Stamp Duty on commercial property 

The rate of stamp duty on commercial property transactions was increased from 2% to 6% with effect from midnight on Budget Day, 10th October 2017. When the Budget was announced two aspects of the new measure were unclear:

  • Whether transitional measures would apply in respect of contracts entered into prior to the Budget but not completed/executed and 
  • Whether the 6% rate applies to transfers of agricultural land.

Both matters have been clarified in the Finance Bill.

  • The 2% stamp duty rate will continue to apply where a binding contract to purchase commercial property was entered into prior to 11 October 2017 provided the instrument of transfer is executed before 1 January 2018. The instrument must contain a statement in a format specified by Revenue to the effect that it was executed in pursuance of a binding contract entreated into prior to 11 October 2017. 
  • Transfers of agricultural land are also liable to the 6% rate of stamp duty but where consanguinity relief applies on inter-family transfers a 1% rate applies until 1 January 2021. The upper age limit of 67 for the transferor is also being abolished.

A stamp duty refund scheme was also announced on Budget Day in relation to the purchase of commercial land for the development of housing. Developers must begin to develop the land within 30 months of purchasing the land to avail of the relief. Further details will be contained at the Committee Stage of the Finance Bill. 

The Finance Bill also increased the threshold for the application of stamp duty on residential leases for less than 35 years from €30,000 rental income per annum to €40,000. The Bill also confirms that the increased 6% rate also applies to non-residential lease premiums, subject to the transitional measures as outlined above.

CGT 7-year exemption 

Finance Bill legislates for the Budget Day announcement to reduce the holding period to qualify for the CGT exemption on disposal of properties purchased between 7 December 2011 and 31 December 2014, from 7 years to 4 years. The amendment applies to disposals on or after 1 January 2018. The reduction in holding period applies to all land and property in Ireland or another EEA state purchased in the qualifying period that was eligible for relief. 

There is no change to the rules applying where such properties are disposed of after 7 years and it would appear that these gains will continue to qualify for proportionate relief based on the ownership period.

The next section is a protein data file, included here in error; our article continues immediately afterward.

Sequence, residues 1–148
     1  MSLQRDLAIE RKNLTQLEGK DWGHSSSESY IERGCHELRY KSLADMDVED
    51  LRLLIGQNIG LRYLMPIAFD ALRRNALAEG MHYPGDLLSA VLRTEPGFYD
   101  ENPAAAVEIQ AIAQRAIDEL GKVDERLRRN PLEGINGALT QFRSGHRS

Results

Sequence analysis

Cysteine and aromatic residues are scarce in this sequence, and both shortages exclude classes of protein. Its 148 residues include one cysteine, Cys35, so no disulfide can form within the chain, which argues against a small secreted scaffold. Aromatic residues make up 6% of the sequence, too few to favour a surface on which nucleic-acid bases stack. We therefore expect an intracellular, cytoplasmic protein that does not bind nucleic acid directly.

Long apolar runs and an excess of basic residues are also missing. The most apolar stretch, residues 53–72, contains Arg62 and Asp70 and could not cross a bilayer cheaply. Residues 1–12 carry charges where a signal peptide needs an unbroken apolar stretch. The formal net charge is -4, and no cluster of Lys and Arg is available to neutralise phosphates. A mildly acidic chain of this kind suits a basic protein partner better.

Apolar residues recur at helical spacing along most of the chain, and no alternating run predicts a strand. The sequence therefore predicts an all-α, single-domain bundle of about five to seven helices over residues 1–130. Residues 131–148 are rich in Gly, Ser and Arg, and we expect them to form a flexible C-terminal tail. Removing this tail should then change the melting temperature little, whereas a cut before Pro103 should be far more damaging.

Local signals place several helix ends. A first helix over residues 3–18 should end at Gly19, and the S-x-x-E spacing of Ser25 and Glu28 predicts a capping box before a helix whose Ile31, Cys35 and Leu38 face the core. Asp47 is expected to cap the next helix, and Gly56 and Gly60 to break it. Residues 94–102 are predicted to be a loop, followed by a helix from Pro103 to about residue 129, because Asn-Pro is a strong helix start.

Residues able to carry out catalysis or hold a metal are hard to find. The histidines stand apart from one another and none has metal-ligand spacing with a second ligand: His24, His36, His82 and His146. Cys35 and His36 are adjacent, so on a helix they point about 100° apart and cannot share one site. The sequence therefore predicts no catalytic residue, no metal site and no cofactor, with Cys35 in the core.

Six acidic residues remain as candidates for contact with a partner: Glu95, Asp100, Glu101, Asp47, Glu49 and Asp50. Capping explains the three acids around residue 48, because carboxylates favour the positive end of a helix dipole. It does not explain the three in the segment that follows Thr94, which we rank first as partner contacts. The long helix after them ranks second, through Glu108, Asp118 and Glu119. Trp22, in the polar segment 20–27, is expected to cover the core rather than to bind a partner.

Help to Buy 

No changes were announced to the Help to Buy Scheme (HTB) in the Budget or Finance Bill. A report commissioned to assess the HTB was published with the Budget documents. It concluded that there is no evidence to date that the HTB is impacting the price of homes for first-time buyers.

Mortgage Interest Relief 

A tapered extension of Mortgage interest relief for residential property owners who took out qualifying loans between 2004 and 2012 is legislated for. The relief will be available on a tapered basis - at a rate of 75% in 2018, 50% in 2019 and 25% in 2020. It will cease entirely in 2021. 

There was no reference in the Budget speech to interest relief on rented residential property. Budget 2017 announced that 100% relief for mortgage interest on rental properties would be restored on a phased basis by 2020, with 85% interest relief available in 2018.

Deduction for pre-letting expenses 

Property owners who rent out residential property that has been vacant for 12 months or more will be able to obtain a tax deduction of up to €5,000 (per property) for pre-letting expenses that are revenue in nature. This relief will be clawed back if the property is withdrawn from the rental market within 4 years. The relief will be available for qualifying expenses incurred up to the end of 2021.

This was the only measure implemented from the report of the Working Group that examined the tax and fiscal treatment of landlords, also was published on Budget Day. Nine other potential policy options for change, split into short, medium and long-term measures were included in that report.

Vacant Site levy 

Changes to the vacant site levy are not contained in the Finance Bill but expected to be made by amendment to the Urban Regeneration and Housing Act 2015. 

On Budget Day it was announced that the vacant site levy would more than double from the current rate of 3% to 7% for second and subsequent years of “hoarding” land. The vacant site levy comes into effect in 2018. From 1 January 2017, each local authority must maintain a register of vacant sites and are required to include on the register, details of any site, which in their opinion, has been vacant for the previous 12 months.

Return to: Budget 2018 Analysis